A modular 2 MeV Shaped Energy™ system complemented with two 220 keV scanning pencil beam systems is described. With the scanning x-ray pencil beams providing backscatter imaging, this multi-source system has excellent detection capabilities, low radiation dose, and a small footprint for inspecting air cargo containers in a crowded airport environment. Its design is based on a prototype inspection system with a 3.5 MeV Shaped Energy source and segmented transmission detector complemented with two 450 keV scanning pencil beam systems. This higher energy system was designed for very high density cargo such as fully loaded ISO shipping containers. The unique modular design provides maximum detection with minimum radiation because both the Shaped Energy system and the lower energy systems can be independently optimized. Moreover, the combination of high-resolution transmission coupled with backscatter provides increased probability of detecting threats. A novel configuration of these same modules could be applied to a proposed CT air cargo inspection system with true density determining capabilities. Sample images from the existing 3.5 MeV prototype system will be presented along with recent test results.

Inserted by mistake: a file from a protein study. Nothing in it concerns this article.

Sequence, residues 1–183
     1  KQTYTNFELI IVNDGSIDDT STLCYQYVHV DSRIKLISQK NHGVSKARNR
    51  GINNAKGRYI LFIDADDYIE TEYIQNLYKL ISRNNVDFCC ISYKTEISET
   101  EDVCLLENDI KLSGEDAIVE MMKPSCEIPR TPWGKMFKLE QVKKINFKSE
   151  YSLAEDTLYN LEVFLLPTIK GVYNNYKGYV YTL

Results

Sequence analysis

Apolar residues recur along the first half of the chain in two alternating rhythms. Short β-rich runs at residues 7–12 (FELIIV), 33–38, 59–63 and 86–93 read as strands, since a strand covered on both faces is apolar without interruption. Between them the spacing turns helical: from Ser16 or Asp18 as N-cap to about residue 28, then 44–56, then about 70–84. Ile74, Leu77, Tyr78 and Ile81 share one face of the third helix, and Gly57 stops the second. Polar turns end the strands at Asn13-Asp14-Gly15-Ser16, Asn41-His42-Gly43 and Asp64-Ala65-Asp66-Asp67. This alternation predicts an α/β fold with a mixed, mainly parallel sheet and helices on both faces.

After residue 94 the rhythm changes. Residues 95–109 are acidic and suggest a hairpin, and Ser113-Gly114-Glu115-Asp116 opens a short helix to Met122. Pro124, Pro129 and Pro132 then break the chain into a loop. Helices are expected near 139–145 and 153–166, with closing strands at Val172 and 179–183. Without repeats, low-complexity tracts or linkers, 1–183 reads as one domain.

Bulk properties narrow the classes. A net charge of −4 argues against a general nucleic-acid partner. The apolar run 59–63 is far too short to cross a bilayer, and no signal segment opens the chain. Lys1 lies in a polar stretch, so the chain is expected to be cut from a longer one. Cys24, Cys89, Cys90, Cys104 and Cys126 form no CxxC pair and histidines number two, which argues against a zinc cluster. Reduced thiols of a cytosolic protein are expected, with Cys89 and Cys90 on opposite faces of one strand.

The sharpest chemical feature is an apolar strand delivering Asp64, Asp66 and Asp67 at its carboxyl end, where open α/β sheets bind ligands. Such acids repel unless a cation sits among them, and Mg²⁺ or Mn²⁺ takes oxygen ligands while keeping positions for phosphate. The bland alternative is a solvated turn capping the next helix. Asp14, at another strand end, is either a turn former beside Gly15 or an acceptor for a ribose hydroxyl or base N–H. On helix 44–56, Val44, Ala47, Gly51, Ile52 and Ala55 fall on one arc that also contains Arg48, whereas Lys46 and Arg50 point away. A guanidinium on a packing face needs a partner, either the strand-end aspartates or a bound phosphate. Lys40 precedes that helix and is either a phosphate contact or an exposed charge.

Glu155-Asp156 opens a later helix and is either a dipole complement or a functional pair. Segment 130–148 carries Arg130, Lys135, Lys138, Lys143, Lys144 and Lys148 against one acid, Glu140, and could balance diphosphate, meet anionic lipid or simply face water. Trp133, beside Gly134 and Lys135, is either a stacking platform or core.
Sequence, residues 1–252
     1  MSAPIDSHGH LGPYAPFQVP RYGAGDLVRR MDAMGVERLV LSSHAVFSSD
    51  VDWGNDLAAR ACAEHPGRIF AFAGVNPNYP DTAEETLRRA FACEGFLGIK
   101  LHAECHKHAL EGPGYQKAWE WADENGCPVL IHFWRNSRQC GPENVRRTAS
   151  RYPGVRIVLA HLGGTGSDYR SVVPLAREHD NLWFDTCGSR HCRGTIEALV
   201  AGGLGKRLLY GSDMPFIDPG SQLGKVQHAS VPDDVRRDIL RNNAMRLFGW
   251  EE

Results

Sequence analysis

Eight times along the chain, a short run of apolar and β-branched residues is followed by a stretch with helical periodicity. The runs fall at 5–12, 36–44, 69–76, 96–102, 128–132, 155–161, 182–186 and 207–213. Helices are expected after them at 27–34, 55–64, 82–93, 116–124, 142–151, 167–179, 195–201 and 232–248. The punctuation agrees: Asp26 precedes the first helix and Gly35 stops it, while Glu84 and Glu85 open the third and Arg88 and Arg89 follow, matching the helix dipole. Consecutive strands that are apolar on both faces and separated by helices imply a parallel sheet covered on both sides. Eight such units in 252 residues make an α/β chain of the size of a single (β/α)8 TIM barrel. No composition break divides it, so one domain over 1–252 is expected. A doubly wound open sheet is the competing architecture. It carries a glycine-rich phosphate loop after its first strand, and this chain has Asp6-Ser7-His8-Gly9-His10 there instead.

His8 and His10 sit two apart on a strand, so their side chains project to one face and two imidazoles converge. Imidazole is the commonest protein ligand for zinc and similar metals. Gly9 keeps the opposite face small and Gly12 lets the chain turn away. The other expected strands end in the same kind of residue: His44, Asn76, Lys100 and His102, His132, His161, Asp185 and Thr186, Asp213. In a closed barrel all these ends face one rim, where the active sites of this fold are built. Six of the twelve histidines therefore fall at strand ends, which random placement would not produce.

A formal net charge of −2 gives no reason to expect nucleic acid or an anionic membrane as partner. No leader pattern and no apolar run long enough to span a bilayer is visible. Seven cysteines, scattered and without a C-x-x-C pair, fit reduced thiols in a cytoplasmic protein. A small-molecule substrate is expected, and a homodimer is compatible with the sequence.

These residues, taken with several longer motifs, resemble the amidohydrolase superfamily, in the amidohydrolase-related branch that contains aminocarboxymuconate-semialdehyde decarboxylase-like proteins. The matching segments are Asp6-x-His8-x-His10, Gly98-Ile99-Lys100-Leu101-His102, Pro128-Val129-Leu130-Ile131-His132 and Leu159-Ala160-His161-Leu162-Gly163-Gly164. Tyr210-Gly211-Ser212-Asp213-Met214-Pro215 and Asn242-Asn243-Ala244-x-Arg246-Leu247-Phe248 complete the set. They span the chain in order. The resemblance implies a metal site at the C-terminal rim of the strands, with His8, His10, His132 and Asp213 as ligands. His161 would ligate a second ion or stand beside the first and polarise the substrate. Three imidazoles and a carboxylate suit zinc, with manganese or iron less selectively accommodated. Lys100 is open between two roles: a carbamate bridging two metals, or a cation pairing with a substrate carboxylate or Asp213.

A new intermediate energy x-ray source is described which uses a cw electron linear accelerator created specifically for this application. This source has been installed in the hub of a hollow-spoked rotation wheel to form a scanning beam of x-rays. As cargo is transported through the inspection tunnel at speeds up to 6 inches per second it is raster-scanned by this beam to form digital images of the backscattered as well as the transmitted x-rays. The system will be described in detail, and sample images of a heavily loaded 8 foot wide ISO container will be presented. Environmental radiation due to the x-rays scattered from the cargo itself will be discussed in the context of the tradeoffs between penetration, spatial resolution, x-ray energy, and x-ray flux.
Extensive testing and simulations have been used to evaluate the transmission imaging capabilities of practical systems for inspecting cargo using x-ray sources ranged from 0.45 MeV to 10 MeV. In particular, the distance between the source and the cargo was constrained to be large enough to insure that the x-ray beam covered the entire cargo, the power of the electron beam was kept constant, and the scan speed of the inspection was fixed. The increased cost of the x-ray generating systems and facilities with high energy have been ignored. The results indicate that there is greater penetration for detecting radiographically thick objects behind steel as the energy is increased to about 5 MeV. Above 5 MeV the operational penetration actually decreases. Even if the energy is sufficient to penetrate a thick cargo, relatively large fluxes in the high energy portion of the x-ray spectrum are required to produce sufficient contrast for detecting moderate quantities of contraband. The relative fluxes required to produce equivalent image quality (contrast) are calculated for energies between 0.45 MeV and 10 MeV.